The short story begins in media res and this is significant because it signals that Laura is in the middle of her life. The short story would have been a completely different feeling if we had had seen Laura from birth to the moment of the transition to adulthood, and it would have been a less dramatic transition. The decision to start in the middle also emphasized the importance of the specific day. The decision to use 3rd person over the shoulder narration also adds to the The interaction that Laura has with her the working men setting up the Marquee is a major turning point in the short story and in Laura’s life because it shows her striving to take on the responsibilities of an adult. When she goes outside she speaks to the men in a specific tone of voice, “copying her mother’s voice”, which indicates that she is striving to act like an adult by imitating her mother. However, when this she realizes this tone of voice does not suit her, she “stammers like a little girl”, reflecting how new she is to behaving like an adult, and how she rides the line between youth and maturity. Later on she in the interaction, Laura reflects on what is appropriate to discuss, thinking “What a beautiful morning! She mustn’t which shows her taking on an adult attitude. This interaction is also significant because it represents Laura’s sexual awakening, and shows her maturing into a woman. Then Laura observes the demeanor of the men and she delights in their appearance and behavior, from the man’s “nice eyes, … small, but such a dark blue” to all of their kind smiles which seemed to her to say “‘Cheer up, we won’t bite.” Her attraction to the men is undeniable, and she refers to them as “very nice workmen” repeatedly. The men represent the epitome of masculinity. For one, they are manual laborers, and they work with their hands and bodies in an archetypically masculine role, to be the provider and the laborer. There is also a distinct contrast between the upper class and lower class men, that has to do with their perceived masculinity. Often, upper class men are regarded as effeminate because of their distance from manual labor, and also for their fanciful dress and intellectual nature, which contrasts the singularity of macho masculinity. Laura notices this in a subconscious way, reflecting “Why couldn’t she have workmen for friends rather than the silly boys she danced with and who came to Sunday night supper?”. Those “silly boys” are more effeminate and immature in her mind, whereas the workmen are mature and manly, and thus more attractive. In this moment where she feels the attraction to them, in contrast with the lack of attraction to the upper class boys, her sexuality awakens and she begins the transition to womanhood.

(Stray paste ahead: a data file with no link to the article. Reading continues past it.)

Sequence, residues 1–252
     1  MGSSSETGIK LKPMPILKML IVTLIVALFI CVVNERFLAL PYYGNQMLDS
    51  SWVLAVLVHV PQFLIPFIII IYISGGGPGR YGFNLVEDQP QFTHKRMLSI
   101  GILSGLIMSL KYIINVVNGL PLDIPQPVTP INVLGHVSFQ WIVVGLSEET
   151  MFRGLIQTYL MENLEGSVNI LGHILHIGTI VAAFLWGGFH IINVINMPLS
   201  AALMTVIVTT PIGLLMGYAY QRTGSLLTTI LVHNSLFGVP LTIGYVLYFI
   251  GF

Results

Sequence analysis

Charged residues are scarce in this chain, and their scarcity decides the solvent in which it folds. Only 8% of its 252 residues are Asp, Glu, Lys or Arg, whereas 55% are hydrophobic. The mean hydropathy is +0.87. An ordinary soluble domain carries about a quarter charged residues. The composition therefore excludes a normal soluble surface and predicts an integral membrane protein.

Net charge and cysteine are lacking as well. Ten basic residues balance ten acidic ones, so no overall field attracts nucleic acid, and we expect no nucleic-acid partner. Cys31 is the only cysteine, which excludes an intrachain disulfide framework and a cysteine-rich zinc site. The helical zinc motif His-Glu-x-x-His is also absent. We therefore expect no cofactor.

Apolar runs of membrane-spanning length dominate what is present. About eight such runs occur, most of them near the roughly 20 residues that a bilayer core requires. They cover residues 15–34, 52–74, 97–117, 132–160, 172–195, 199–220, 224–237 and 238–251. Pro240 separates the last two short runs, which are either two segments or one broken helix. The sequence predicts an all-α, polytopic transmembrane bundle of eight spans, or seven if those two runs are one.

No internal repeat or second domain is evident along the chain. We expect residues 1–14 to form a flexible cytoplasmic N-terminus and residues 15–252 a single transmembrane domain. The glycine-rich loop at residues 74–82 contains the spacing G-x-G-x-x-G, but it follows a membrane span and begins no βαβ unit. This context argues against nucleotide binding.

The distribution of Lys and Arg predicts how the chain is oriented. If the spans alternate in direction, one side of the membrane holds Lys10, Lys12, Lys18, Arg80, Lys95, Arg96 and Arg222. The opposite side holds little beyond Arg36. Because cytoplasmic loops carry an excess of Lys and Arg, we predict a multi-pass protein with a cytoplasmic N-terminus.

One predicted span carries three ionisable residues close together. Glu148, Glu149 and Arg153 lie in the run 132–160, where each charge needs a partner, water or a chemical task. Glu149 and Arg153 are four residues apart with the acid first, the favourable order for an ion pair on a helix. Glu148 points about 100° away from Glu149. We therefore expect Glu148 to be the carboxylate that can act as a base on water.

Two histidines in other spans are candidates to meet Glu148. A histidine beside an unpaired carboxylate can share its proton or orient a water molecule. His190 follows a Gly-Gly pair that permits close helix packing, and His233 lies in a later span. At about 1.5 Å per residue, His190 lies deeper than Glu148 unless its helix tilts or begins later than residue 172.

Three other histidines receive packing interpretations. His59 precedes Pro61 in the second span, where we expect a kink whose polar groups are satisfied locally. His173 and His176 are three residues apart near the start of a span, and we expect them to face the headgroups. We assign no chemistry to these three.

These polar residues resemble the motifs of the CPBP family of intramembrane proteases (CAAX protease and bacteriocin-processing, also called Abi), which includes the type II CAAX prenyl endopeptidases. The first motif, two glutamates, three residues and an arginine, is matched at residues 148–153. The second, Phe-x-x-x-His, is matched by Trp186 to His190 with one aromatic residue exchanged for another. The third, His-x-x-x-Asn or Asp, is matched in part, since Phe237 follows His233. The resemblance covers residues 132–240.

The next significant event in the short story to Laura’s maturation, is the tragic death of Mr. Scott, who was only a passing acquaintance, but whose death deeply affected Laura and made her consider her moral compass in relation to the societal norms of the upper class. Immediately, Laura feels as though it would be insensitive of her family to continue with festivities in light of the death, since the deceased and his family live so close to their home. The death puts Laura at odds with the attitude of high society, as vocalized by her older sister and mother. Both her mother and sister were not as bothered by the death of a lower class individual and feel that it is perfectly appropriate to commence with the party activities. Also, they both invalidated her perspective and told her that she was reacting in excess of what the situation called for. Jose expressed this opinion, saying “‘Stop the garden absurd. Of course we can’t do anything of the kind. Nobody expects us to. Don’t be so extravagant.’” Her mother rationalized the situation, saying “But, my dear child, use your common sense. It’s only by accident we’ve heard of it. If someone had died there normally … we should still be having our party” Here, Laura is forced to grapple with a very adult situation, one that requires maturity; her response is downplayed. The resulting inner turmoil is Laura’s first introduction to the complexities of adulthood, and to the realization that nothing lacks nuance. However, she represses this realization until later by deluding herself into believing her family’s perspective on the situation. (Repression is arguably adult coping mechanism). This action is made easier by a hat that her mother gives her, with beautiful golden daisies on it. The moment is described as, “the first thing she saw was this charming girl in the mirror, in her black hat trimmed with gold daisies, and a long black velvet ribbon.” The hat represents the socialite role she has been raised to fulfill. The gold is a symbol for wealth, and the daisy a symbol of femininity. When she sees herself in the hat, she sees the illusion of adulthood. The capacity to repress her moral compass to act in accordance to social norms is not a permanent solution. Her struggle to reconcile her moral compass and the unfair social trappings of high society life, is a major component in her process of maturing toward adulthood.